Faith

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funkywriter3
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Faith

Postby funkywriter3 » Sat Oct 06, 2007 2:09 am

God made me black,
Midnight Black
In a time of oppression
I pray for the river of prejudice to end.
Yet, I know to be a slave,
Is my identity.
I must keep my head
Higher than my feet.
" The purpose of a writer is to keep civilization from destroying itself."- Albert Camus

"Writers will happen in the best of families."
-Rita Mae Brown

" Do not ask a poet to explain himself, he cannot." - Plato
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mae
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Postby mae » Sat Oct 06, 2007 11:30 am

Ah, funky, do you really feel that your identity is as a slave?

This is one sad poem! The feeling of resignation comes through loud and clear. I wish it were a feeling of determination.

Well-written, funky. Nice job. mae
My heart beats in poetry. I think in rhythm and dream in rhyme.

Give me a crit! I can take it!

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Postby mslover » Sat Oct 06, 2007 11:45 am

i agree - well written and precisely conveys the emotion. well done!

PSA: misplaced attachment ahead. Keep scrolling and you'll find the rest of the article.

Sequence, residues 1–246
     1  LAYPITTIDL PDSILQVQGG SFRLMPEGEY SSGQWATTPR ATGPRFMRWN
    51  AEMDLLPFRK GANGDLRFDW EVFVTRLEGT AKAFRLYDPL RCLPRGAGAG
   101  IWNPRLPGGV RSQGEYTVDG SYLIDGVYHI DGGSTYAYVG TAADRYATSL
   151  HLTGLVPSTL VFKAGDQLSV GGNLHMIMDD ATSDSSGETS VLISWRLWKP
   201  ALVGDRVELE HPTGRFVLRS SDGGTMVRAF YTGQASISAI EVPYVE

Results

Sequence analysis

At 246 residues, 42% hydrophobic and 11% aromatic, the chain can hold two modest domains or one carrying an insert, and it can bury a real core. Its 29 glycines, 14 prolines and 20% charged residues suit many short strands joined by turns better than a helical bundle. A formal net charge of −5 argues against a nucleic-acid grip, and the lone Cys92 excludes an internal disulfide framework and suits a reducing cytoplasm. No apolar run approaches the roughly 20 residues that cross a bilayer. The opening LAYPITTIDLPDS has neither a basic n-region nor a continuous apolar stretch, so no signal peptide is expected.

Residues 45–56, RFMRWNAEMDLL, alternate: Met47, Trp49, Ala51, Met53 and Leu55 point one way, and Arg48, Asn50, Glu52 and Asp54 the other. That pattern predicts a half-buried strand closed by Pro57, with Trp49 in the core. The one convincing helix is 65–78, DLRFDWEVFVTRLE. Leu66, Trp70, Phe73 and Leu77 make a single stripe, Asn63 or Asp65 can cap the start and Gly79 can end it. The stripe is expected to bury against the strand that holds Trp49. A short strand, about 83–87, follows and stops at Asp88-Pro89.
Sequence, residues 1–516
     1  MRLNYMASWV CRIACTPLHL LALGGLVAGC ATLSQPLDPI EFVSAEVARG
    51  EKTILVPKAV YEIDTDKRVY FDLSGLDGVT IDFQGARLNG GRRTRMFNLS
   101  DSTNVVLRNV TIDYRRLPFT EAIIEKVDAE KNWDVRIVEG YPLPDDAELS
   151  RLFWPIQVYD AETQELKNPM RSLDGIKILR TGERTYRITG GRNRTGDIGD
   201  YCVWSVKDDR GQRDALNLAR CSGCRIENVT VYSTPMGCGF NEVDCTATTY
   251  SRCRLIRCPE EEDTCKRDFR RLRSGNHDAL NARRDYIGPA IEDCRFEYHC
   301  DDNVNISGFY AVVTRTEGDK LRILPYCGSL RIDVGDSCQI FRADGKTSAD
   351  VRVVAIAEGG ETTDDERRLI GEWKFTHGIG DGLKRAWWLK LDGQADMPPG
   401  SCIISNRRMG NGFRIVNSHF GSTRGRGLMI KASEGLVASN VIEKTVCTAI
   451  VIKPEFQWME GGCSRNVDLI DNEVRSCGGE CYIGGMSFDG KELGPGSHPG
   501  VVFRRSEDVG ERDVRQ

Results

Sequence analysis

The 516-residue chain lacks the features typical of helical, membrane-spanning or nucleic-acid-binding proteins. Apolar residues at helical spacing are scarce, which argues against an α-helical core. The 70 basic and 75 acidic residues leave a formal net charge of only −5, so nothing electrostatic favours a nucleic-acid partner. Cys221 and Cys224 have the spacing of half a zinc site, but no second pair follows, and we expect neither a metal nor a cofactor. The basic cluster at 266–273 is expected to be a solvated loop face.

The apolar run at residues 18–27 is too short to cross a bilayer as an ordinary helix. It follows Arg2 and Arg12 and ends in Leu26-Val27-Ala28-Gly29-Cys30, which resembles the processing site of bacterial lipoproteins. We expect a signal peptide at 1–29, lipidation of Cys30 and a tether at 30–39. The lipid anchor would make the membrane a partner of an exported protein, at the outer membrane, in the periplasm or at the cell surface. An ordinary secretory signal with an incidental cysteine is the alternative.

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Mlou
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Postby Mlou » Sat Oct 06, 2007 2:06 pm

It's difficult to write about blacks, oppression, slavery in an original way, for it's been reviewed endlessly. I like the last 2 lines best, as a statement of prime purpose.
nothing is ever simply Yes or No. There's always a But...


GINGERBREAD MAN by Mary Lou Healy at Amazon.com http://www.publishamerica.com/shopping/ ... ogid=16658 at Publish America
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mae
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Postby mae » Sat Oct 06, 2007 2:52 pm

I thought funky did a good job, though,mlou. It didn't seem trite. It came across as highly personal. mae
My heart beats in poetry. I think in rhythm and dream in rhyme.



Give me a crit! I can take it!



CELTIC QUEEN, an Epic Poem, Cynthia M. Bateman, amazon.com, barnesandnoble.com, http://www.tatepublishing.com/bookstore ... +Epic+Poem at Tate Publishing
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Mlou
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Postby Mlou » Sat Oct 06, 2007 3:46 pm

Yes, that's what I meant. It's difficult to pull off. She did well.
nothing is ever simply Yes or No. There's always a But...





GINGERBREAD MAN by Mary Lou Healy at Amazon.com http://www.publishamerica.com/shopping/ ... ogid=16658 at Publish America
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funkywriter3
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Postby funkywriter3 » Sat Oct 06, 2007 6:10 pm

No, I do not see my identity as a slave. I wrote this poem after I had read A Day in the Life of a Slave Girl by Harriet Jacobs. I appreciate the comments though-glad you all enjoyed it.
" The purpose of a writer is to keep civilization from destroying itself."- Albert Camus



"Writers will happen in the best of families."

-Rita Mae Brown



" Do not ask a poet to explain himself, he cannot." - Plato
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fiona